Discovered prehistoric pink never old-fashioned


The ancient Sahara rocks gave us a glimpse of how the prehistoric world looked in the beginnings – bright pink.

Neon pink in the sunlight

The oldest colored bacteria vanished 650 million years ago. The pinkish pigmented molecules appeared before the algae spreading.  It conquered the ocean life 1.1 billion years ago. And it was discovered in Mauritania, West Africa after ground shale rocks were transformed into powder “similar to a coffee machine”. The algae that preceded the bacterium had the role to provide “a burst of energy needed for the evolution of complex ecosystems”. But in contrast, the bacteria could stand the sunlight, which algae couldn’t, and ”when held against the sunlight, they are actually a neon pink.”

In large concentration, the color varies between blood red to deep purple.

The pinkish Chlorophyll from bacterium was conserved hardly in the sea ground. To remain intact, it had to stay away from oxygen and in a single place for billion years. Otherwise, it could lose forever its properties.

“Imagine you could find a fossilised dinosaur skin that still has its original colour, green or blue… that is exactly the type of discovery that we’ve made” – Assoc. Prof. Brocks told the BBC.

The rock sample was found 10 years ago by a mining company, after digging hundreds of meters in the former oceanic ground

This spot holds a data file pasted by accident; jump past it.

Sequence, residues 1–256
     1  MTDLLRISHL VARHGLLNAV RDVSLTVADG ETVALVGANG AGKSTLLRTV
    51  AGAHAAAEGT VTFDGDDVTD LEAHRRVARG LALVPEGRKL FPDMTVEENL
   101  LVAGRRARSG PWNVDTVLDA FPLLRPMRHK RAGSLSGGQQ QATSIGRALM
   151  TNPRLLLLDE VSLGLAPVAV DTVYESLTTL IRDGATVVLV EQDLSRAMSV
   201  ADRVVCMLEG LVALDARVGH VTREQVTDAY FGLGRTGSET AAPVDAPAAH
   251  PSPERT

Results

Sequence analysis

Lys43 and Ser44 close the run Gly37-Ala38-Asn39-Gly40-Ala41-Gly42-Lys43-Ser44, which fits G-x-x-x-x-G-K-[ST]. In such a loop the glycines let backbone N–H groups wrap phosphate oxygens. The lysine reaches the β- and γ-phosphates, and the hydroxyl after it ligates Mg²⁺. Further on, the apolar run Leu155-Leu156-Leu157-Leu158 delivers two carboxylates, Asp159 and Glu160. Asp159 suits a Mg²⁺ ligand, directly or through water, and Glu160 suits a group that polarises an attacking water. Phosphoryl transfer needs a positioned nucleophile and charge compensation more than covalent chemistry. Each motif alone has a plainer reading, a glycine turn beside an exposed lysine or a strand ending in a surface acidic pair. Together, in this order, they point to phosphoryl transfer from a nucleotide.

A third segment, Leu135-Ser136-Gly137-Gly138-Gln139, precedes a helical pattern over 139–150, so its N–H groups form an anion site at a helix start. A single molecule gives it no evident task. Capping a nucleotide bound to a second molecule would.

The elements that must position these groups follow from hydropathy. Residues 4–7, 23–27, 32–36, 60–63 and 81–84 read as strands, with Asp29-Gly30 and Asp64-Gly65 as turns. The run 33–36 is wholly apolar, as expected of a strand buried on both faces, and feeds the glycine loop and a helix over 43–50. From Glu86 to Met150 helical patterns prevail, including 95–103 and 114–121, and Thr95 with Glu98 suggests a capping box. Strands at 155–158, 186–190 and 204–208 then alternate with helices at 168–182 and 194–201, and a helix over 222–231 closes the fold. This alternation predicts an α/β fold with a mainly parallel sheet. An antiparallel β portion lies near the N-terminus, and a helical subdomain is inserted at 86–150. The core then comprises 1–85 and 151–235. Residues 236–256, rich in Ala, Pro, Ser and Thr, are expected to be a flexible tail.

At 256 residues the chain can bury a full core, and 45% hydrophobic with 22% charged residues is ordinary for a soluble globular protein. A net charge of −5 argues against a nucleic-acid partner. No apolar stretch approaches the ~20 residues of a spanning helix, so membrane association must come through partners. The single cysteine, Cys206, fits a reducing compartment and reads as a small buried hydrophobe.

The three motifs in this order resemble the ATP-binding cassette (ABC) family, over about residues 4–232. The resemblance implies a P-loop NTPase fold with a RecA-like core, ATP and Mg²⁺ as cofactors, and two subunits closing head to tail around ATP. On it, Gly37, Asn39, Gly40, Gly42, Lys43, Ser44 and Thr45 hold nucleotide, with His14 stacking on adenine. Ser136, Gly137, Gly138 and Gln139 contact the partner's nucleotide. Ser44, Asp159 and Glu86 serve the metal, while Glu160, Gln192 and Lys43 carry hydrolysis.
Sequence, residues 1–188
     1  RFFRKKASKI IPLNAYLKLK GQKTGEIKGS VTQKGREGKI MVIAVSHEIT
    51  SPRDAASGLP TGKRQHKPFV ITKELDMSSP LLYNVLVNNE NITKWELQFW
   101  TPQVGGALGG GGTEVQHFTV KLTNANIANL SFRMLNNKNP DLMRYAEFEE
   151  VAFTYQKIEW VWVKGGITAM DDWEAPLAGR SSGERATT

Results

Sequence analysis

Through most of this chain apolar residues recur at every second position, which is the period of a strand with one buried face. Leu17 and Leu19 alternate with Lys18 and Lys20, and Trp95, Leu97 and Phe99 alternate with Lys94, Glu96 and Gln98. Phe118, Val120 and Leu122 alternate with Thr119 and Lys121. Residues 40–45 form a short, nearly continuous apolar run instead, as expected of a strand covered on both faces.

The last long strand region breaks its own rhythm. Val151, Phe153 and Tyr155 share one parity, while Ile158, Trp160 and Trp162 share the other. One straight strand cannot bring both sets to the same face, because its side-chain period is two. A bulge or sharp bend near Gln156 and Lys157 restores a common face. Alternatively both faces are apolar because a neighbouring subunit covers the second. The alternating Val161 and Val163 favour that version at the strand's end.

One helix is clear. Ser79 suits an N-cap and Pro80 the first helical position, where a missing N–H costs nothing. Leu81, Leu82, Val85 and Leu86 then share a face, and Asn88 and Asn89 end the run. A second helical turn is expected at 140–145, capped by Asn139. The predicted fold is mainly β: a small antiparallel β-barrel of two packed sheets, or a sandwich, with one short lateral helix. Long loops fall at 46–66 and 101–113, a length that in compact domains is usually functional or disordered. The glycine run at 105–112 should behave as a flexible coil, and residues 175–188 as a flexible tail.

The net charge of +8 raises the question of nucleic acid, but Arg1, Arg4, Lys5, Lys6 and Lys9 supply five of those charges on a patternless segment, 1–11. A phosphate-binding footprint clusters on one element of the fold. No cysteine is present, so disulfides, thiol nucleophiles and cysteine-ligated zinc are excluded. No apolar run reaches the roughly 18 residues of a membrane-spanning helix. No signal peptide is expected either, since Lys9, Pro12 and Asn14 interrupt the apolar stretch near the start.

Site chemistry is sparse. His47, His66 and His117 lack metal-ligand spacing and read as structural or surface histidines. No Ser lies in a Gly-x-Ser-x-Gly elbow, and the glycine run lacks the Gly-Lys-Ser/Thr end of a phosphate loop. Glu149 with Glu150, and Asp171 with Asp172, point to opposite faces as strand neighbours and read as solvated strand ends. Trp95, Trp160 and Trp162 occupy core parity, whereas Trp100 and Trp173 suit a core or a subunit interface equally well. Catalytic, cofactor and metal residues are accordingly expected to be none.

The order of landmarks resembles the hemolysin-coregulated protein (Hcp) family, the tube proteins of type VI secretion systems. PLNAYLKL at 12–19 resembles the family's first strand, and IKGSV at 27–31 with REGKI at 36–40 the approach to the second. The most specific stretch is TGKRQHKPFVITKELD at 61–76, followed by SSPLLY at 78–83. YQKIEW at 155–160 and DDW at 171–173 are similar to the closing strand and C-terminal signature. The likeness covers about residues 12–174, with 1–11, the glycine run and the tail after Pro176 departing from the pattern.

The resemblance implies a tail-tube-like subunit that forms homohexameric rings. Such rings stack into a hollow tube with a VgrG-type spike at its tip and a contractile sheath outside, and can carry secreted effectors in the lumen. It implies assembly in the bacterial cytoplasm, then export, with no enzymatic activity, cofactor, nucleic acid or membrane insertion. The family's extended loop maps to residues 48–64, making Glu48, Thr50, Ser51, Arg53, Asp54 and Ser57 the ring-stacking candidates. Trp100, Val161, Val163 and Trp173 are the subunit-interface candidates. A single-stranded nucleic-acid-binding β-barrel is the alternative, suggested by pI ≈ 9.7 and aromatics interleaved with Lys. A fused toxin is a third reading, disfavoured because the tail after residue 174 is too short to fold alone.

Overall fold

“The bright pink pigments are the molecular fossils of chlorophyll that were produced by ancient photosynthetic organisms inhabiting an ancient ocean that has long since vanished,” Dr. Gueneli

Student-made discovery

The PdD student Dr. Nur Gueneli gave a new insight over the evolution of life on our planet. She only mixed an organic solvent with the rock powder.

Asst Prof Brocks affirmed “I heard her screaming in the lab when it came out, and she ran into my office”

“At first I thought it had been contaminated. It is just amazing that something with a biological color can survive for such a long time.”

The study was made public through the journal Proceedings of the National Academy of Sciences.

Shawn and his wife live remotely in a 880-square-foot cabin along with their three dogs. They implemented many of the things they learned from the internet and trial and error. They have been helped by so many contributors over the years and desire to now return the favor to other Canadian Homsteading readers. They heat with a woodstove and cut firewood by hand from their 11 acres. They went back to the land and are essentially do-it-yourself people.


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